The best way to fend off hunger and keep everyone's energy levels up is to snack multiple times a day. In fact, eating every three to four hours is optimal for adults and kids. A healthy snack between breakfast and lunch and another between lunch and dinner and one more a few hours after dinner is a good schedule to follow. Also, meals won't be affected if the snacks are high-quality and accurately portioned.

Common Snacking Misconceptions:

  • Snacking will ruin a diet. A satisfying, protein and fiber filled snack a couple hours before a meal will keep help curb overeating. Since they're more satisfying, it won't be as tempting to over-indulge with this kind of snack either.
  • Snacking ruins the appetite. Eating an entire bag of chips or loading up on fatty, sugary cookies will surely ruin an appetite. But a snack of somewhere between 150 and 200 calories won't ruin your kid's appetite at all. It's all about choosing the right snack, moderating how much is eaten, and timing the snack properly.
  • Snack foods are unhealthy. This is actually true when looking at a lot of pre-packaged junk food. Reaching for snacks with natural, low sugar and wholesome ingredients can be a great alternative.

Healthy On-The-Go Snack Ideas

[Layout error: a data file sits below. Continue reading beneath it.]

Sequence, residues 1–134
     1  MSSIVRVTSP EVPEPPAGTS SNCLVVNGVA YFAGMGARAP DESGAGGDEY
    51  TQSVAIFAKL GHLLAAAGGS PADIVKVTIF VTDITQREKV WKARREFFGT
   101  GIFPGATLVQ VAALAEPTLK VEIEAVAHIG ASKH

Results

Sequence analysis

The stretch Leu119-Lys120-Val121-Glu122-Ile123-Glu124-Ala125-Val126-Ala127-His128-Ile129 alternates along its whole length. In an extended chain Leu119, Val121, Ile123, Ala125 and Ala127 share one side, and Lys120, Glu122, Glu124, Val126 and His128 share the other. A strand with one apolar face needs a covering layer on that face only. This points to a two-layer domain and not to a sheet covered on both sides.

Busy moms are always on the move and don't have a lot of time to spend in the kitchen. In just a few minutes, however, it's easy to put together a nutrition-packed snack for the entire family that'll keep them fueled up throughout the day.

  • Ants on a Log - Wash, cut, and clean fresh celery and spread natural, unsweetened peanut butter in the c-shaped groove. Sprinkle some raisin "ants" on top.
  • Dried Trail Mix - Ingredients matter here just as much as with packaged snack foods. Look for products that are unsalted and without any added sugar.
  • PB&J with Fruit - The classic peanut butter and jelly sandwich is the perfect energy boost. Substitute sugar-laden jam or jelly for fresh raspberries, banana, or strawberry slices.
  • Apples & Cheese - Apples are a great energy boost and are full of natural sugars, fiber, and water. Combine with protein-rich, real cheese, for an extremely satisfying, nutritious snack.
  •  Yogurt and Granola - Creamy low-fat yogurt and a handful of low-sugar granola is an awesome snack any time of the day. It'll stop the hunger pangs and fuel a few more hours.

 Get creative when it comes to snacking and experiment with unique combinations of fruits, vegetables, unrefined carbs and plenty of fresh water to drink. This is also true for brown bag lunches. Eliminating the harmful trans fats, excess sugars and salts from your family's diet will go a long way toward improving everyone's health and happiness. It's not hard to do, and the options are not only fresh, delicious and nutritious, but they also come in a huge variety so there's no chance of getting bored.

August 19, 2020 — Andy Chimicles